Sites in Jordan

Petra

Date of Inscription: 1985
Ma’an Governorate
N30 19 50.016 E35 26 35.988

Petra is an archaeological site in the Arabah, Ma'an Governorate, Jordan, lying on the slope of Mount Hor in a rbasin among the mountains which form the eastern flank of Arabah, the large valley running from the Dead Sea to the Gulf of Aqaba. It is renowned for its rock-cut architecture. Petra is also one of the New Seven Wonders of the World. The Nabataeans constructed it as their capital city around 100 BCE. The site remained unknown to the Western world until 1812, when it was introduced to the West by Swiss explorer Johann Ludwig Burckhardt. It was famously described as "a rose-red city half as old as time" in a Newdigate prize-winning sonnet by John William Burgon.

Quseir Amra

Date of Inscription: 1985
Eastern desert – Az Zarqa' Governorate
N31 48 6.984 E36 35 8.988

Quseir Amra is the best-known of the desert castles located in present-day eastern Jordan. It was built early in the 8th century (probably between 711 and 715) by the Umayyad caliph Walid I whose dominance of the region was rising at the time. It is considered one of the most important examples of early Islamic art and architecture. The building is actually the remnant of a larger complex that included an actual castle, of which only the foundation remains. What stands today is a small country cabin, meant as a royal retreat, without any military function. It is most notable for the frescoes that remain on the ceilings inside, which depict hunting, naked women and, above one bath chamber, an accurate representation of the zodiac.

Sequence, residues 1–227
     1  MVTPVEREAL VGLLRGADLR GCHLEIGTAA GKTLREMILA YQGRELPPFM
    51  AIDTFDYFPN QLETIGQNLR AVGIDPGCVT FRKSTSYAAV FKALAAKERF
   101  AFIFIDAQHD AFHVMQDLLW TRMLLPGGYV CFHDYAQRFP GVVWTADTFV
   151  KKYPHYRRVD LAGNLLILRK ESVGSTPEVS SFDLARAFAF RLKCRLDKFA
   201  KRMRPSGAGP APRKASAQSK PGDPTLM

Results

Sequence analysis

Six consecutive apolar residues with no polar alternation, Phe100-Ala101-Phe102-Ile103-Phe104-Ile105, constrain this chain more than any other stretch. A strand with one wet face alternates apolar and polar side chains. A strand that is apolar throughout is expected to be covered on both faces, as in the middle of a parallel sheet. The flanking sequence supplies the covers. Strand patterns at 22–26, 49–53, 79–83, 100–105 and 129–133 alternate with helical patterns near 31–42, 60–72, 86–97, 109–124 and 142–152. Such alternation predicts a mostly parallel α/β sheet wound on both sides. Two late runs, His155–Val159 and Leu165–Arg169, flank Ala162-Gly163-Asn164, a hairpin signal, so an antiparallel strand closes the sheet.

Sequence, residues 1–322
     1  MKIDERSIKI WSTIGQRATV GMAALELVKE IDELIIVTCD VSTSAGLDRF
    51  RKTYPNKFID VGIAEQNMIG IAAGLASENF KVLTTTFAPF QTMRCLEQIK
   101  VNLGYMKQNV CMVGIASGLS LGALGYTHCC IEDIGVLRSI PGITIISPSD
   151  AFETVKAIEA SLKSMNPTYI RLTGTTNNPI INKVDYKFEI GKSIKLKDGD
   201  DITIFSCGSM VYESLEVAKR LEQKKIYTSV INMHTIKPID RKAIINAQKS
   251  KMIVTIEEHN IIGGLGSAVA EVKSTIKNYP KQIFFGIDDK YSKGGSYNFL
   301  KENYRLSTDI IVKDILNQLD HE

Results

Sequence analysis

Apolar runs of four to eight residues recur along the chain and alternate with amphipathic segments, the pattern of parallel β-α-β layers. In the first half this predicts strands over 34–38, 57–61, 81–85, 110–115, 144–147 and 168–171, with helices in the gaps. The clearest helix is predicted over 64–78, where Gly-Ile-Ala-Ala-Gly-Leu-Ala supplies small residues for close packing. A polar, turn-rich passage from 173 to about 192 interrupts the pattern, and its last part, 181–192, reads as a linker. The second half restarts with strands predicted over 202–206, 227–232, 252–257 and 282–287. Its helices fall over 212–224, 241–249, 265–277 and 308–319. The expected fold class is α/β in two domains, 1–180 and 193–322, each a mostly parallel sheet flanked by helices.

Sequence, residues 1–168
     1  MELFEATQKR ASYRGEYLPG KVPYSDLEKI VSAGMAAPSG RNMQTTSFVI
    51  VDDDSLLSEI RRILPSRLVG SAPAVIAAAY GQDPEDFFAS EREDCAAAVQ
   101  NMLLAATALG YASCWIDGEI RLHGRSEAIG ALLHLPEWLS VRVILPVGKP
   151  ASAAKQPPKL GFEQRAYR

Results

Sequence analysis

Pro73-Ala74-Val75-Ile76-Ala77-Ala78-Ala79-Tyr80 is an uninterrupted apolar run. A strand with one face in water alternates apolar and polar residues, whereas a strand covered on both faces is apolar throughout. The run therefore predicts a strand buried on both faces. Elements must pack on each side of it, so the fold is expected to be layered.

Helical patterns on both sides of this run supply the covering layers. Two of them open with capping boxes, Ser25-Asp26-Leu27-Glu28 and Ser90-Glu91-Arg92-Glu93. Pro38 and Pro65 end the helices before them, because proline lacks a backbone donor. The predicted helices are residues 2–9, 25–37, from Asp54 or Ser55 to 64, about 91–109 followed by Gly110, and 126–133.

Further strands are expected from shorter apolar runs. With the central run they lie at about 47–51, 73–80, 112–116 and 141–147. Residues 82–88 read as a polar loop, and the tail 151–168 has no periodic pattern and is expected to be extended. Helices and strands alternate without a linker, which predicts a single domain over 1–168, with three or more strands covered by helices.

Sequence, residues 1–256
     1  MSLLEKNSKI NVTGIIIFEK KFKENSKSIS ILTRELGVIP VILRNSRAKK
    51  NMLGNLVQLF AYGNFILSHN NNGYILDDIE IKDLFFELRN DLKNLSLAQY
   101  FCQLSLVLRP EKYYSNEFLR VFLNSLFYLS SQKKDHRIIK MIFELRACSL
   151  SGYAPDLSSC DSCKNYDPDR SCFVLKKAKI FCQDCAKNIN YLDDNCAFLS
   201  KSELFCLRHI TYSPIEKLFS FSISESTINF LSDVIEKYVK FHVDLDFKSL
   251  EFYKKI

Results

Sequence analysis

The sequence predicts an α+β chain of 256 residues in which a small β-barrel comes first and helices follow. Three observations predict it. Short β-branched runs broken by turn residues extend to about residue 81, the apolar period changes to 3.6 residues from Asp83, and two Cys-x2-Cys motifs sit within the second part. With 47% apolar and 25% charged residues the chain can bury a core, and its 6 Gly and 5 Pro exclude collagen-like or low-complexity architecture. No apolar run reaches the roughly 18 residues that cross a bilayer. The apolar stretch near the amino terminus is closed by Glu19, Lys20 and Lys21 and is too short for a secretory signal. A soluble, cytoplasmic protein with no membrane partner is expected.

Um er-Rasas (Kastrom Mefa'a)

Date of Inscription: 2004
Property : 23.9280 ha
Madaba Governorate
N31 30 6.012 E35 55 14.016

Umm er-Rasas is an archeological site in Jordan which contains ruins from the Roman, Byzantine, and early Muslim civilizations. The majority of the site has not been excavated. Among the portions excavated so far include a military camp, and several churches. It has a unique blend of civilizations. The most important discovery on the site was the mosaic floor of the Church of St Stephen. It was made in 785 (discovered after 1986). The perfectly preserved mosaic floor is the largest one in Jordan. On the central panel hunting and fishing scenes are depicted while another panel illustrates the most important cities of the region. The frame of the mosaic is especially decorative. Six mosaic masters signed the work: Staurachios from Esbus, Euremios, Elias, Constantinus, Germanus and Abdela. It overlays another, damaged, mosaic floor of the earlier (587) "Church of Bishop Sergius." Another four churches were excavated nearby with traces of mosaic decoration.

These brief descriptions and pictures come mainly from Wikipedia. Along the way we will update it with our own information and pictures. For more information about World Heritage sites check out: http://whc.unesco.org